Friday, December 18, 2015

Armada by Ernest Cline

Looking back, I had mixed feelings about Cline's first novel, Ready Player One, but when I saw this on the new books shelf at the library, I picked it up and put it on the TBR pile. The thing I enjoyed in the earlier book, as an aging 70s/80s gamer, was all of the references to video games and pop culture from that time period.

Cline seems to be attempting to capitalize on that nostalgia once more with Armada, because there appears to be nothing else of substance inside. I gave up perhaps a third of the way through, when it demonstrated for the last time its utter predictability and lack of any new ideas, though it certainly provided plenty of the nostalgia up to that point.

This is the story of a young gamer, Zack, whose father was also an obsessed geek, but who was killed in a freak explosion at the sewage treatment plant when Zack was very small. Zack idolized his father, aside from his reservations about Dad's mental stability when he found a notebook filled with tin foil hat conspiracy theories related to the government secretly releasing video games, gaming equipment and science fiction movies about alien invasions in order to identify and train fighters for our coming war with invading aliens.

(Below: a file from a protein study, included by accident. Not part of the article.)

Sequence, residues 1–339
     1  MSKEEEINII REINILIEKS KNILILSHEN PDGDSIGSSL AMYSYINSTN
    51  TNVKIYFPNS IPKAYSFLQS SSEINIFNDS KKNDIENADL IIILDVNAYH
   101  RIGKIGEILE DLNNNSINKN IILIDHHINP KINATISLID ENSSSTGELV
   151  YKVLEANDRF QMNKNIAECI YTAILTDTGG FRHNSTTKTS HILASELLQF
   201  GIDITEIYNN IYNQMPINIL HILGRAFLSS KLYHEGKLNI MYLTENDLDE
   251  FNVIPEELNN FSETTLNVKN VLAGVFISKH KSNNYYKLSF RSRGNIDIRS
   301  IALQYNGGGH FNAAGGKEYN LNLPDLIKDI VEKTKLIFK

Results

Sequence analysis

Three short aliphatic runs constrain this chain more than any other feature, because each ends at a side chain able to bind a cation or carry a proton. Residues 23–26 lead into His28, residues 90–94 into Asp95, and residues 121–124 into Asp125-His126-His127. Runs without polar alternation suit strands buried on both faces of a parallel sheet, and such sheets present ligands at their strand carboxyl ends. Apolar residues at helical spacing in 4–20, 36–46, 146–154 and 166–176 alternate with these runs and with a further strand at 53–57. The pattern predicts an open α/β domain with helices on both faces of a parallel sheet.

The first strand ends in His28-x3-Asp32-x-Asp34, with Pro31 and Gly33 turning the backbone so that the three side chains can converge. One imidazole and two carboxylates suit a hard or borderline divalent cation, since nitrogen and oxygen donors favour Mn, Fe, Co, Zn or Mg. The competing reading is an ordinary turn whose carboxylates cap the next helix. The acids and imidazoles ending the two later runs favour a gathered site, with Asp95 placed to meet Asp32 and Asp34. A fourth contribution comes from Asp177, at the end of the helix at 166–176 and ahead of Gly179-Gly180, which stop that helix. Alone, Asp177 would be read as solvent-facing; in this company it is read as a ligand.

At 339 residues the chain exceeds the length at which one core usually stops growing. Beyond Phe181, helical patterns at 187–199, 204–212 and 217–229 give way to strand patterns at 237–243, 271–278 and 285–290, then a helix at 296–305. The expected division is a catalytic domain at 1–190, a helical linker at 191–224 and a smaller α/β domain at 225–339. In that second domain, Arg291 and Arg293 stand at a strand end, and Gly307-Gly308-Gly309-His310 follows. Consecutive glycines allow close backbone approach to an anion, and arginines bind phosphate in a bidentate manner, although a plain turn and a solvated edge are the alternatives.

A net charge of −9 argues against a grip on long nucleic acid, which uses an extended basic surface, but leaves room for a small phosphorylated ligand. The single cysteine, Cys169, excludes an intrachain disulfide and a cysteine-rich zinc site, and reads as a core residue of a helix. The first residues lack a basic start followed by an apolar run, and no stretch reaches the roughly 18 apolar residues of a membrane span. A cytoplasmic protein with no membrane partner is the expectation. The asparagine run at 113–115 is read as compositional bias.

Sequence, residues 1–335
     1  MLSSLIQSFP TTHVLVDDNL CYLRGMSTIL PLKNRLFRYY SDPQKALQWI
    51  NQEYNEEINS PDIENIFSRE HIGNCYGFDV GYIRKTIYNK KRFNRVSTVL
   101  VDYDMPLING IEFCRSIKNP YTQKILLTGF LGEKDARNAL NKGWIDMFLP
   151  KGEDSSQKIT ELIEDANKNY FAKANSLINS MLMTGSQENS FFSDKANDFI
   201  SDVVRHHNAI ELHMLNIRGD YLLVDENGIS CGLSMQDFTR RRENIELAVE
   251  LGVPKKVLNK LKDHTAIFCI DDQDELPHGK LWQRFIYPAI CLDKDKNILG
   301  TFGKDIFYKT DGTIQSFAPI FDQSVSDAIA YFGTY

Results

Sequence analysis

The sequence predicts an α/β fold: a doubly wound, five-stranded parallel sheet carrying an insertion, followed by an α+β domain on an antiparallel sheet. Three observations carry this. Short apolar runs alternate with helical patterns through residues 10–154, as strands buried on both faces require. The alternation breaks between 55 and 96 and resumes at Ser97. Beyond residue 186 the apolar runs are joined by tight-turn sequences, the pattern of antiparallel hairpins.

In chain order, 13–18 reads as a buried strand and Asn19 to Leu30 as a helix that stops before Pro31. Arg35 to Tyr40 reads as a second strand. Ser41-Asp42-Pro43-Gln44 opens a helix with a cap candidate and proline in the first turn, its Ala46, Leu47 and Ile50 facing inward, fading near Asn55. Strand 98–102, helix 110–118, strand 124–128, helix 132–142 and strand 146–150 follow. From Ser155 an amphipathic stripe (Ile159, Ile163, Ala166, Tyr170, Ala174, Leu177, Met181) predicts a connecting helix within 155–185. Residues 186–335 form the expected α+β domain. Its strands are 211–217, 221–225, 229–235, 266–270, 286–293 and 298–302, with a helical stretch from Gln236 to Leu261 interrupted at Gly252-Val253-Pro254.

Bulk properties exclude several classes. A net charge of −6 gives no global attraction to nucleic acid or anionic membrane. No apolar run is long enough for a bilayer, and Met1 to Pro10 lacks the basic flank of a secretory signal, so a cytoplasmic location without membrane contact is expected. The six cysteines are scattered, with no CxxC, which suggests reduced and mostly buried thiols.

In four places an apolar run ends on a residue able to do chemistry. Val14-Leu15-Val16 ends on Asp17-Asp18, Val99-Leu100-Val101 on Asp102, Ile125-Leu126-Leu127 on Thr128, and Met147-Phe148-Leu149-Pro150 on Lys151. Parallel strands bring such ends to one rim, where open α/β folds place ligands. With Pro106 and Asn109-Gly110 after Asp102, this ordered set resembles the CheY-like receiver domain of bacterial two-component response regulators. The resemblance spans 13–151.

So, as any of you older than Zack could surmise, the tin foil hat theories turn out to be all true, Zack is recruited as one of their pilots, and...though I didn't get far enough to find out for sure, it's likely that his father wasn't killed at all, but was instead recruited by the Earth Defense Alliance (it's mentioned earlier that his body was so destroyed in the explosion that they only ID'd him by dental records).

Another flaw in the story was when Zack takes on the school bullies by himself. Sorry, folks, it's not likely that someone who has spent his entire life sitting in front of a video console is going to have developed the muscular fortitude to physically defeat even one, much less three bullies, whether armed with fists or even a tire iron. True bullies are simply more likely to take the tire iron away and shove it up the geek's....well, you know.

In the flight school of alien invasion novels, I gotta give this one a downcheck.

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